I am currently working with neural nets and I recently made my code much faster by configuring a framework correctly to make use of a GPU. The GPU that is used is a Tesla C2075, which is part of the Nvidia Tesla series.

As enabling GPU computation gave such a huge performance boost, I was curious what the latest GPU of Nvidia is. It is called Titan Z and part of the GeForce 700 series.

However, I am a little bit confused. A "Tesla K40 Workstation Card 12GB DDR5 " currently costs 5500 Euro on Amazon, whereas the Titan Z costs 2750 Euro.

It seems to me that the Titan Z is a much better deal (see specs). I've talked with a friend about this and he thinks that "scientific GPUs" and "gaming GPUs" are different. Could somebody else please elaborate on what is different on those "scientific GPUs" and "gaming GPUs"? Do they have different instruction sets?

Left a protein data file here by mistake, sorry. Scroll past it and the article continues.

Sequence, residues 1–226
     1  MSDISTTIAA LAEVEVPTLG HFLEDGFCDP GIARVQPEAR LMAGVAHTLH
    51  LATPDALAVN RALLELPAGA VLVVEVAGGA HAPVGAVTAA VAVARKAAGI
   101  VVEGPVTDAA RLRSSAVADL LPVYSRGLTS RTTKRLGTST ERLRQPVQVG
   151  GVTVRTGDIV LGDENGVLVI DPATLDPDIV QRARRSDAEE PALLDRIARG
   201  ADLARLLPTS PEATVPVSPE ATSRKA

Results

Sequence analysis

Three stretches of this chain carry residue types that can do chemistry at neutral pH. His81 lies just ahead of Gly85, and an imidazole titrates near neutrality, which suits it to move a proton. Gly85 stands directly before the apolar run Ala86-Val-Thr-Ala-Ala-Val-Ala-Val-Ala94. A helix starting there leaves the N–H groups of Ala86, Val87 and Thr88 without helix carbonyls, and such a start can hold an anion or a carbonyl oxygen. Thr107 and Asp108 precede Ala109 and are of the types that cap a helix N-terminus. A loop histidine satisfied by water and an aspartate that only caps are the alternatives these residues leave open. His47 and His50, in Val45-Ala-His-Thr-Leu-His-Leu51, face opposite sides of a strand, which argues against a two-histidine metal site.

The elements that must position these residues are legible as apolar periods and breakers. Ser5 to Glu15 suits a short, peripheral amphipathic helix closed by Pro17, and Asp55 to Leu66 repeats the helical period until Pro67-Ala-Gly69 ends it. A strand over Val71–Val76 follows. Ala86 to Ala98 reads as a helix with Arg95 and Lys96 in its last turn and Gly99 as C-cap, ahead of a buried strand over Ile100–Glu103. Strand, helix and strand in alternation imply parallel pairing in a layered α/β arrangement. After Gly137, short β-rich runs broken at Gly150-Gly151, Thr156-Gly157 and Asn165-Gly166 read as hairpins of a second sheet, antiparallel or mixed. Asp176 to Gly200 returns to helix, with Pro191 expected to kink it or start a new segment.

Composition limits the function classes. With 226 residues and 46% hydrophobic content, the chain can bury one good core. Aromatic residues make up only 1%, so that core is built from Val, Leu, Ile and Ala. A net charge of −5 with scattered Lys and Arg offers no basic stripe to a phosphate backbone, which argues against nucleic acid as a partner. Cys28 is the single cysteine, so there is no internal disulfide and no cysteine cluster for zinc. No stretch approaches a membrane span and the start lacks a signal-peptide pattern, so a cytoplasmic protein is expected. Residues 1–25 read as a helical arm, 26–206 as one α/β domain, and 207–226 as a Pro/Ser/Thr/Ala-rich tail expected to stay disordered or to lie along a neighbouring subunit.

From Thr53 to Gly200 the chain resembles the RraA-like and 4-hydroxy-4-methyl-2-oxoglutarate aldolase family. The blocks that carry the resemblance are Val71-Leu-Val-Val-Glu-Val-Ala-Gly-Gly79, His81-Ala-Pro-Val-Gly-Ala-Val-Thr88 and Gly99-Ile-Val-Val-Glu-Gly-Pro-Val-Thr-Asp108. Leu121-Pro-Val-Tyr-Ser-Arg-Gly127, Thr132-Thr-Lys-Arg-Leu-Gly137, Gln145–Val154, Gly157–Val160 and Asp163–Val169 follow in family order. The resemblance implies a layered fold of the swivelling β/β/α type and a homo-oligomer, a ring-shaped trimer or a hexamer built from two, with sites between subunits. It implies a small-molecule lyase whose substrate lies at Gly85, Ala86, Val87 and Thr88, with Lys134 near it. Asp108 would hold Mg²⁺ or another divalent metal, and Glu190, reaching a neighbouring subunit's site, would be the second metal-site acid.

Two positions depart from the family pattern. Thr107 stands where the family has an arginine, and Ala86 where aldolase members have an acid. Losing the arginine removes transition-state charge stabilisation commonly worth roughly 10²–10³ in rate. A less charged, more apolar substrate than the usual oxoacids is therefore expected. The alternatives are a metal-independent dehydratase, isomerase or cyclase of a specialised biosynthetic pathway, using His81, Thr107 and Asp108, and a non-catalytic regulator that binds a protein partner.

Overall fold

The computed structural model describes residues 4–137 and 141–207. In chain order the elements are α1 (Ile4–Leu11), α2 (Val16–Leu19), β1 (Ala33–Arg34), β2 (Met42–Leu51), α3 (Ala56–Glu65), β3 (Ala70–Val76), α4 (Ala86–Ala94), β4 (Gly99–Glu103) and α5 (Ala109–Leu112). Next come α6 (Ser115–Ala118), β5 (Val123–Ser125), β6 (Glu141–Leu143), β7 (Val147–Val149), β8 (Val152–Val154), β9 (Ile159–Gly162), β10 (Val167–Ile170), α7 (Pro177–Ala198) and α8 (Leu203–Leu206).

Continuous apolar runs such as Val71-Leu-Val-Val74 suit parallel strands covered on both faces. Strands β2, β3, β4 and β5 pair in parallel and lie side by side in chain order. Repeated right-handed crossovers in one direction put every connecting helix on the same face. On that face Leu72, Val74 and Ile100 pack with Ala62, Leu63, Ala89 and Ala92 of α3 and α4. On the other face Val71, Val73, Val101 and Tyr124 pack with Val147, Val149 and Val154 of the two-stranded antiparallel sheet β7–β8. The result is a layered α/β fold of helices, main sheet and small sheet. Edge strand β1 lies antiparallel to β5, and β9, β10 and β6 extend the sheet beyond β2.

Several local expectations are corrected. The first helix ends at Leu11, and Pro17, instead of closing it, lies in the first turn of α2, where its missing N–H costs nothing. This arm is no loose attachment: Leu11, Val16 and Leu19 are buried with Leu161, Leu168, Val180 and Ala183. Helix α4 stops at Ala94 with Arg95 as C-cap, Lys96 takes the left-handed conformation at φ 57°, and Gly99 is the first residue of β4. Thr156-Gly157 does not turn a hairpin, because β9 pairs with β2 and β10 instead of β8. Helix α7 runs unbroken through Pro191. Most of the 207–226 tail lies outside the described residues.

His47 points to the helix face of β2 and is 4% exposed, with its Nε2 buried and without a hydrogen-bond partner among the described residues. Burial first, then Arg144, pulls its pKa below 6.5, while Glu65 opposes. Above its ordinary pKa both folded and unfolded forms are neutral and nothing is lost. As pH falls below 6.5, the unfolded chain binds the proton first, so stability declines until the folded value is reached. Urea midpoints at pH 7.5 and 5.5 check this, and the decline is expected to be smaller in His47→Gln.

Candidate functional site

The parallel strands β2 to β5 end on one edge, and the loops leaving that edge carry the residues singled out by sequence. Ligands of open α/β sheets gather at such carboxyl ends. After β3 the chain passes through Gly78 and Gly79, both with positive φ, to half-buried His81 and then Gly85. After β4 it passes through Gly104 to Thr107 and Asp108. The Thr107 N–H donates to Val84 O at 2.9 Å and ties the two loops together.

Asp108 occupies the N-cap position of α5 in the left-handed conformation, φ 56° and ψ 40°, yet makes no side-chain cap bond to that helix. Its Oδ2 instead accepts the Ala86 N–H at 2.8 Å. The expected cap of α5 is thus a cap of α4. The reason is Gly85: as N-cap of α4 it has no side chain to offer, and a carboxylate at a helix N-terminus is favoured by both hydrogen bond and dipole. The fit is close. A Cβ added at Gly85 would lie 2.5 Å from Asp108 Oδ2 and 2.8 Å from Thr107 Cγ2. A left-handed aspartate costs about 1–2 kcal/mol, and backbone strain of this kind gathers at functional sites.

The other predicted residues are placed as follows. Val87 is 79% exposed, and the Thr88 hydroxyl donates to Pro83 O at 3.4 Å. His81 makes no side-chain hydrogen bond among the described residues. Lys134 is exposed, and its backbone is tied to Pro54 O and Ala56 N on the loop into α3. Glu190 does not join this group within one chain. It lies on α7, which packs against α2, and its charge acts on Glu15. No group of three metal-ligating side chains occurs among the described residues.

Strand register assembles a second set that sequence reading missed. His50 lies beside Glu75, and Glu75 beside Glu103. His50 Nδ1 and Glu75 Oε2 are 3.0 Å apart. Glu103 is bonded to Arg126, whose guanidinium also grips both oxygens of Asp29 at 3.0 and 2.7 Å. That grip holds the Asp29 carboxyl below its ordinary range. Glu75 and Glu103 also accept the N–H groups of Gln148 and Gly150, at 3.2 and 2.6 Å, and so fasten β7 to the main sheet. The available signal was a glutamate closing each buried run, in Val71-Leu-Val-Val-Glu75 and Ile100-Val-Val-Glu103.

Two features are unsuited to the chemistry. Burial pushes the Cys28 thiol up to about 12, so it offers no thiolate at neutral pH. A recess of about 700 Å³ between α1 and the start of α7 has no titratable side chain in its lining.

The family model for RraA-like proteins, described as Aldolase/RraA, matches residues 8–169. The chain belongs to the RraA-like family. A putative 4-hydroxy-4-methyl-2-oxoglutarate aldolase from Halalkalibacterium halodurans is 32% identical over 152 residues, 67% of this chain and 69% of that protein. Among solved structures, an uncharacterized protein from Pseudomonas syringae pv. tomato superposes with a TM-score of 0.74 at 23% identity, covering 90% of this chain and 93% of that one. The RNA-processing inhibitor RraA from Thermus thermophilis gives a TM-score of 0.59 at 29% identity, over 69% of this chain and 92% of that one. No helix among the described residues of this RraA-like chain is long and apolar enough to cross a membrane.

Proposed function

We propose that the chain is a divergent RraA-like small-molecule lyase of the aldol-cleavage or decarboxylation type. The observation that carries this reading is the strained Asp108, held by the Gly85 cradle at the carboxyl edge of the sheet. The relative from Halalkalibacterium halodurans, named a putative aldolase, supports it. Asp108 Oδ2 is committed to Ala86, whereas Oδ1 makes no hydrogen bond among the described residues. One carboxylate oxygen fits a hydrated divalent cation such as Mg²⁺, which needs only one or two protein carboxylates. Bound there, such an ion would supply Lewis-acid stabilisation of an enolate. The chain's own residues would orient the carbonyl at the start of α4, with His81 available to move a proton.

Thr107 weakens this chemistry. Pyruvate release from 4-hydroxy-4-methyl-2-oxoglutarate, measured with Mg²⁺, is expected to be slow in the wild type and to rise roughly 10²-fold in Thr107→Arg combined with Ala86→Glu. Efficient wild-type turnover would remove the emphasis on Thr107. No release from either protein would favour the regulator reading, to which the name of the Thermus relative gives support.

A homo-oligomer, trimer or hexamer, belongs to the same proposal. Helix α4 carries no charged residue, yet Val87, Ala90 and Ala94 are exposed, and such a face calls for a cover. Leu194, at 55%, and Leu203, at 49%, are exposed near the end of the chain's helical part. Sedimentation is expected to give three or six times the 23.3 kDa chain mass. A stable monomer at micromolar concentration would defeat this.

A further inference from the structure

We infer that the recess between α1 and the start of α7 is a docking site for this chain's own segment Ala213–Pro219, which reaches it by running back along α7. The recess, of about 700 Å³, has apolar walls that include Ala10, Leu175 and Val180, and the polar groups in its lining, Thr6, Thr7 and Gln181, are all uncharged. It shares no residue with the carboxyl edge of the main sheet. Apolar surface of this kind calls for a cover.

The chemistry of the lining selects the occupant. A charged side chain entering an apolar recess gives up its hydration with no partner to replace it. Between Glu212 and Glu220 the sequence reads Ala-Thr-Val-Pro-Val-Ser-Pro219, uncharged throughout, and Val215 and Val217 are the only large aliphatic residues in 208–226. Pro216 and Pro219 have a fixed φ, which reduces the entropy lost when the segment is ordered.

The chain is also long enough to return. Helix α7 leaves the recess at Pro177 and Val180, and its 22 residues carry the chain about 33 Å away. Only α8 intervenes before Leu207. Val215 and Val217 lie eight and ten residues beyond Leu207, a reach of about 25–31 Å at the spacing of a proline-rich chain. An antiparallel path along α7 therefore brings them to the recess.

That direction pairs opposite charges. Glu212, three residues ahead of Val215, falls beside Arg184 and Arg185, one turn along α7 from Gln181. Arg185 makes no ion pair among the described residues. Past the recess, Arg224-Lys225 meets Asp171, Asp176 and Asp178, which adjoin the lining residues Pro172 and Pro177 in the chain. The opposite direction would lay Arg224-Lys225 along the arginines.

(How can one see what might better work for neural net training?)


The following specs are from http://www.nvidia.com/gtx-700-graphics-cards/gtx-titan-z/ and http://www.nvidia.com/object/tesla-servers.html. The first number is the Titan Z, the second one the Tesla K40

  • Name: Titan Z ↔ Tesla K40
  • Number and Type of GPU: ↔ 1 Kepler GK110B
  • Peak double precision floating point performance: 2.66 Tflps (see link) ↔ 1.43 Tflops
  • Peak single precision floating point performance: ? ↔ 4.29 Tflops
  • Memory bandwidth: 672 GB/sec ↔ 288 GB/sec (ECC off)
  • Memory size (GDDR5): 12 GB ↔ 12 GB
  • CUDA cores: 5760 ↔ 2880


  • 2
    One big, very fundamental difference might be the lack of video out on the "Scientific" Teslas and that exists on the Titan Z – Journeyman Geek Aug 30 '14 at 23:51

Scientific GPUs have

  • ECC memory: This seems to make a big difference. According to my adivser, one can expect an error every 26 hours or so.
  • Performance information is available over nvidia-smi.

Gaming GPUs are able to use a monitor. Scientifc GPUs don't necesarily have a video out.

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